St. Barths in Pictures: 14 Beautiful Places to Photograph
A favorite vacation spot of the rich and famous, gorgeous Saint Barthélemy (otherwise known as St. Barts or St. Barths) is a photographer's dream, with some of the Caribbean's most beautiful scenery. The French chic island is filled with charming coastal villages like Gustavia; sun-soaked white sand meets turquoise water, perfect for social media photo shoots; and excellent snorkeling and diving spots.
St. Barths is also popular with the yachting community, and many a superyacht docks at its marina. Check out our recommendations for the best places to stage some striking photographs around St. Barths.
St. Barths' charming U-shaped harbor town, Gustavia, is a beautiful place to photograph, especially at sunset when the water appears to glow. The island's capital is filled with red-roofed houses and gets crowded when cruise ships call at the port here. The downtown is filled with boutiques, galleries, and chic restaurants serving French-inspired fare. You may even run into a movie star or two.
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- Top-Rated Tourist Attractions in St. Barts
2. St. Jean's Bay Beach
Beautiful crescent-shaped St. Jean's Bay Beach (pictured here) is a great place to go snorkeling in a reef that you can swim to from the shore. A few different water sports centers on the beach rent gear. The beach is also popular with day-tripping visitors from St. Maarten. Head here in the late afternoon for more privacy and to catch the sunset.
3. Saline Beach
On St. Barths' southern coast, Saline Beach is absolutely gorgeous - protected by sand dunes, the white-sand beach is fronted by marbled turquoise and emerald-hued water. Saline Beach is pretty, in fact, it is considered one of the Caribbean's best beaches. If you get hungry, there are two restaurants near the parking lot.
4. St. Jean Village
The tiny village of St. Jean is the second most popular tourist area on St. Barths. It is also home to the only airport on the island, and as you can see from the runway in this image, it's only big enough to accommodate small aircraft. St. Jean itself is also filled with restaurants and lots of glamorous shops, including high-end boutiques.
5. Shell Beach
Millions of sea shells wash up on shore at St. Barth's unique Shell Beach, which is within walking distance of Gustavia. Besides collecting shells, this beach is known for its calm waters that you can swim in. There are also opportunities for cliff diving, and lots of restaurants in the vicinity.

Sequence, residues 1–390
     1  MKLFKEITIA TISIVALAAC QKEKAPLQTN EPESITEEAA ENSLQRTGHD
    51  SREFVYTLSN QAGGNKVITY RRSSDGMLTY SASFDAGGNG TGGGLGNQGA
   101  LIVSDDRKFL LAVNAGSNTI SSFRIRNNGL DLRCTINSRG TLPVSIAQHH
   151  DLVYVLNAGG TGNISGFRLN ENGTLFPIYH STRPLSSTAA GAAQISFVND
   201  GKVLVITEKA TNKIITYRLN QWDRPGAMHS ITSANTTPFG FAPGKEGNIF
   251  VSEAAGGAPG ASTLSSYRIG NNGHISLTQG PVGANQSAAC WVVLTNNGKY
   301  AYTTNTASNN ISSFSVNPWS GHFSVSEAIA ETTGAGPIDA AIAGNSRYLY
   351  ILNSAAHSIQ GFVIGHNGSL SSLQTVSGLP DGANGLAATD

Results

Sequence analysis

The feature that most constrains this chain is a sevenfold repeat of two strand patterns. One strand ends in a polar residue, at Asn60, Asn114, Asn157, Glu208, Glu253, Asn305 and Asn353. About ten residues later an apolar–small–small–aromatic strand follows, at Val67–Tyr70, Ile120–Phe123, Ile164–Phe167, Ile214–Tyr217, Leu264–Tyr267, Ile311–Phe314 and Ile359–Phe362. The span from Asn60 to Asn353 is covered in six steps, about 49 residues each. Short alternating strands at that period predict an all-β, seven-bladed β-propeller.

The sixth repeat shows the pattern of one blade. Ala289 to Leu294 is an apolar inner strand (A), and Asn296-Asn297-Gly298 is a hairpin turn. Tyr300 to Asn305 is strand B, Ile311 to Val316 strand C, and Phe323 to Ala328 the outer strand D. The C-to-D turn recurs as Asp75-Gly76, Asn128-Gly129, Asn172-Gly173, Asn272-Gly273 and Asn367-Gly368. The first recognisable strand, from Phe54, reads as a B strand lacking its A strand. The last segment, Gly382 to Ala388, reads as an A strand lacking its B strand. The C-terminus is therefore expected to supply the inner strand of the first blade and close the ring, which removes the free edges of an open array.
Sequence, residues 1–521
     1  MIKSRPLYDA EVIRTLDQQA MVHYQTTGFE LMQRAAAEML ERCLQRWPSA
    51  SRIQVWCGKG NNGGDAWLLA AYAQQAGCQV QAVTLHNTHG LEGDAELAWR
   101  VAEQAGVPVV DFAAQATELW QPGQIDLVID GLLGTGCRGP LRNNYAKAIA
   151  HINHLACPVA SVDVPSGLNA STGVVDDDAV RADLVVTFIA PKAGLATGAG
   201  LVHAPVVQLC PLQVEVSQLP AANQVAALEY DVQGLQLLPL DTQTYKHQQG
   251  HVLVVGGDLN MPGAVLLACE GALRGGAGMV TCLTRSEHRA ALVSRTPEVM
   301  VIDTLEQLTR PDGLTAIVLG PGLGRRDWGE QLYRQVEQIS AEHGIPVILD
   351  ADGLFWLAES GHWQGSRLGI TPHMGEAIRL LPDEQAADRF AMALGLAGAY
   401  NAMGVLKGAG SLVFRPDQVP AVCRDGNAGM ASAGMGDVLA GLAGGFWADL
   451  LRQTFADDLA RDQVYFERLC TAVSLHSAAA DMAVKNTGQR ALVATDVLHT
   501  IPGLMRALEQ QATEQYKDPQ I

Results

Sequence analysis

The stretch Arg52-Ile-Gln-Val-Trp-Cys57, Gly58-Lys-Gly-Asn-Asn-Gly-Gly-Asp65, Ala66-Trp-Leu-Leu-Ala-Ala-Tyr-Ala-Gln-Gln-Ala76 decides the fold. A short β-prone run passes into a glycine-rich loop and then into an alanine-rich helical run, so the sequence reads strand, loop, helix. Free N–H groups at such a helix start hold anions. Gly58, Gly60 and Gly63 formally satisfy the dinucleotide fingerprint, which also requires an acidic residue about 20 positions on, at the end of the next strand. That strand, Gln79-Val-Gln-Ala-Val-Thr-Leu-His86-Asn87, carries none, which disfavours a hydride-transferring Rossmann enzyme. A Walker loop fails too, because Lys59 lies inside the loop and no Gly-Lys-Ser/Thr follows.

6. Gouverneur Beach
Remote Gouverneur Beach on St. Barths' south shore is another favorite beach on this gorgeous island, with white sand backed by lush hills. The water here is usually calm and perfect for swimming. If you need shade, you'll need to bring your own umbrella, as there are no facilities to rent them here.
7. Flamands Beach
The widest beach on St. Barths', Flamands Beach is a pretty spot to snap some pictures. The swimming here is also good, although when the wind blows right, the waves can get big enough to surf. It's also popular with local fishermen.
8. Nature Reserve of Saint-Barthelemy
Many of the top dive and snorkel sites around St. Barths are protected by the Nature Reserve of Saint-Barthélemy marine reserve. The reserve is divided into five separate zones, and its boundaries are marked by white buoys. Take a camera underwater to photograph colorful coral and fish, as well as possibly spotting reef sharks, sea turtles, and spotted eagle rays.
9. St. Barths' Marina
You'll find yachts of all sizes at St. Barths' Marina. The island is a favorite destination for the yachting crowd, and there are a number of superyachts frequently moored here. It is also possible to charter a yacht of your own to explore St. Barths and other nearby islands like St. Martin.
10. Colombier Bay
Beautiful Colombier Bay, is at the tip of the island. Here, you will also find the remote Colombier Beach, which can only be accessed by boat or by hiking down a goat path for 30 minutes. There are no facilities, so you'll want to pack a picnic lunch and beverages.
11. Fort Gustave
There are stunning harbor views from the hilltop ruins of the 18th-century Fort Gustave, which includes cannons (pictured above), the remains of a sentry box, and stone ramparts. There is also a large red-and-white lighthouse (out of the picture frame) up here.
12. Lorient Beach
This panoramic image shows the north end of Lorient Beach. While most of the beach is calm and ideal for swimming, the north end is known for its consistent waves for surfing. The beach fronts the sleepy little village of Lorient, which is where the French first settled on St. Bart's. There is a 19th-century Catholic Church and a few shops.
13. Saint Barthelemy Anglican Church
St. Bartholomew's Anglican Episcopal Church, pictured here, dates back to 1855. The local stone and French brick and limestone church features an open-sided design. Inside, the pine pews are original.
14. Grand Cul de Sac Beach
Grand Cul de Sac Beach, pictured above, is popular with kitesurfers, who come for the clear, calm, and shallow waters. There is a kitesurfing school here should you need a lesson. You can also go windsurfing and SUP boarding in this lagoon. Afterwards, grab lunch at one of the restaurants on the edge of the white-sand beach.